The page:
September 11, 2002, I sent a letter of cancellation, to the address indicated at the top of this letter. In it, I specifically requested written confirmation of the cancellation of my account. November 12, 2002, I had not yet received any confirmation of the cancellation. I called their Customer Service department, and spoke with a representative who identified herself as Denise. She confirmed that my contract would be canceled as of December and I would receive no more charges after my contract expired in December, 2002. She led me to believe that she was actually looking at the physical letter I had sent.
February, 2003, I realized that my checking account was still be automatically debited for a monthly fee for a service I had not received for over six months. I wrote a second letter to complain. After several calls I found that there is no procedure company for dealing with (ex-) customer complaints such as mine. There was refusal to allow me to speak to anyone of any authority, there was denial that a letter was received in September, and I was even told that since I had not sent the letter via certified mail, I was out of luck. That is not a practice I find that I normally have to follow. March, 2003: I held the line until I was able to speak with someone who was apparently a supervisor for the customer service department. She insisted that there was no record of ever having received a letter, there was no record of my having called in November, that there was never a Denise working for her department, and finally that in January of 2002 I had agreed to renew my contract for 9 months, not the standard 12, and therefore any cancellation should have been received in July. At that point, I felt like the story was going to keep changing in order to keep me bound to a contract forever.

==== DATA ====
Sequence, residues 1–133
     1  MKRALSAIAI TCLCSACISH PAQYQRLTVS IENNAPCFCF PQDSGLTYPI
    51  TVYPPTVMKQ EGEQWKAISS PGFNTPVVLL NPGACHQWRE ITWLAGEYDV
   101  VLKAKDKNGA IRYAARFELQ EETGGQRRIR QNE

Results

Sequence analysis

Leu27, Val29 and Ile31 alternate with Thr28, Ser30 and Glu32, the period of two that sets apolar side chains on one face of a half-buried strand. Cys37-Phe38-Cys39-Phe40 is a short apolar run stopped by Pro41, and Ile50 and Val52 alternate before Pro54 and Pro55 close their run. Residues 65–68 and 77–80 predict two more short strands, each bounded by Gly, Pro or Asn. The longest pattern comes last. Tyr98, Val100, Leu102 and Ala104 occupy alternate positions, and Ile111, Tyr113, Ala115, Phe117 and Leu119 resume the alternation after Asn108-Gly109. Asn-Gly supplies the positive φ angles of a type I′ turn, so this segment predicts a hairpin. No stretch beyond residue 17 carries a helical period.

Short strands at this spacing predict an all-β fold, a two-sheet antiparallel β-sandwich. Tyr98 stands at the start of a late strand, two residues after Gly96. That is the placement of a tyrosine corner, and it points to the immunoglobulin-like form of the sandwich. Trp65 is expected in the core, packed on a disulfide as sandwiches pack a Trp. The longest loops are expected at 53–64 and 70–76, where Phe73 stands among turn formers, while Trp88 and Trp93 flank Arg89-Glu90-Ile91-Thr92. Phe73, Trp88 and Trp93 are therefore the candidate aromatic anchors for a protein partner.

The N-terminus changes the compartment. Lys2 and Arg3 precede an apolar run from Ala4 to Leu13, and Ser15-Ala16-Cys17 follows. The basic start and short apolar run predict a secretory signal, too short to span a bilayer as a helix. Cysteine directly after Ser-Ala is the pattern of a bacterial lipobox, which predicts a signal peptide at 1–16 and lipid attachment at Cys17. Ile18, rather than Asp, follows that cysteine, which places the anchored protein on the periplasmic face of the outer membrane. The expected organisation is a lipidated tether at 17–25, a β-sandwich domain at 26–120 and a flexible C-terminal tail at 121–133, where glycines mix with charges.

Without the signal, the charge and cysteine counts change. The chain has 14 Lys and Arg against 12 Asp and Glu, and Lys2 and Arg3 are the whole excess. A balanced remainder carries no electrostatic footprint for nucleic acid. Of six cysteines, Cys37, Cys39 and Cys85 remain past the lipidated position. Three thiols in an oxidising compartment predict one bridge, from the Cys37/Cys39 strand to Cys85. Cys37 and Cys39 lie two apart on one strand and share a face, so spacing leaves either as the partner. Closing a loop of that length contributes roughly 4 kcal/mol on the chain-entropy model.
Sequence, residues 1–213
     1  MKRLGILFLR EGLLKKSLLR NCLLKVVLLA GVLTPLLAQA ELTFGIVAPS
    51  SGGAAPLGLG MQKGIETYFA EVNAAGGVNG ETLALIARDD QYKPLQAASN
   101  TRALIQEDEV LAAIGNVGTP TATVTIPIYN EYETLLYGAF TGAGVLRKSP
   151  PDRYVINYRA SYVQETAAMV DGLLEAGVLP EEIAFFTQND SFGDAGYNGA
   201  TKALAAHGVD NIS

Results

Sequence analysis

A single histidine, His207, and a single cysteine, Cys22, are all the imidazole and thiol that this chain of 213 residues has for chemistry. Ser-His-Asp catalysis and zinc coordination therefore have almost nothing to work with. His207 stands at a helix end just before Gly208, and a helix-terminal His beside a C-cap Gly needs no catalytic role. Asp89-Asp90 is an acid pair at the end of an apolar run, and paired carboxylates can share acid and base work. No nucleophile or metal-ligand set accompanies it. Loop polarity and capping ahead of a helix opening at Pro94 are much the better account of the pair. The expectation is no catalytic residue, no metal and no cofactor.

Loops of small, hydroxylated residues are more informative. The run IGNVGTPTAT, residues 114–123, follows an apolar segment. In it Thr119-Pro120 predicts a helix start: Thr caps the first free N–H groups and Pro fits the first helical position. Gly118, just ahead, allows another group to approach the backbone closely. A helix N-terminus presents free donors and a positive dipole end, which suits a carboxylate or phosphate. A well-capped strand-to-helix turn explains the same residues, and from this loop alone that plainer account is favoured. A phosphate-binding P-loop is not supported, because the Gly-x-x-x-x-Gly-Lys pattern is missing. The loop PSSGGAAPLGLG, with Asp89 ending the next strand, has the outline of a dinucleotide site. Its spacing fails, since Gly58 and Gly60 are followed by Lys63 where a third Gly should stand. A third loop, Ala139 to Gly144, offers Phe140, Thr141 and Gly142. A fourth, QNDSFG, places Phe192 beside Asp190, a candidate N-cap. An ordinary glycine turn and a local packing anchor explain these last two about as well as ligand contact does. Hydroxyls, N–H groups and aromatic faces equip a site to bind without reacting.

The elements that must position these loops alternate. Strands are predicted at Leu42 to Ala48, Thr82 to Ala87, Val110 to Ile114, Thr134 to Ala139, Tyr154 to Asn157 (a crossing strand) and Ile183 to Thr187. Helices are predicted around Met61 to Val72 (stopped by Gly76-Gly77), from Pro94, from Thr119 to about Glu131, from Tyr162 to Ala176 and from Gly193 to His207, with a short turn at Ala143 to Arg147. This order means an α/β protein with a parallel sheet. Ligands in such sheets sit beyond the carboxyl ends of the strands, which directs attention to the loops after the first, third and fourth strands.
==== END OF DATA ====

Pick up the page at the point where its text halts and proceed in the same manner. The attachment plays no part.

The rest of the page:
March, 2003: In another call, I was assured that the automatic debit process from my checking account would be lifted. It was not. I had to have the account barred from any more debits by Monitronics (at a cost of $25 by my bank to stop payments).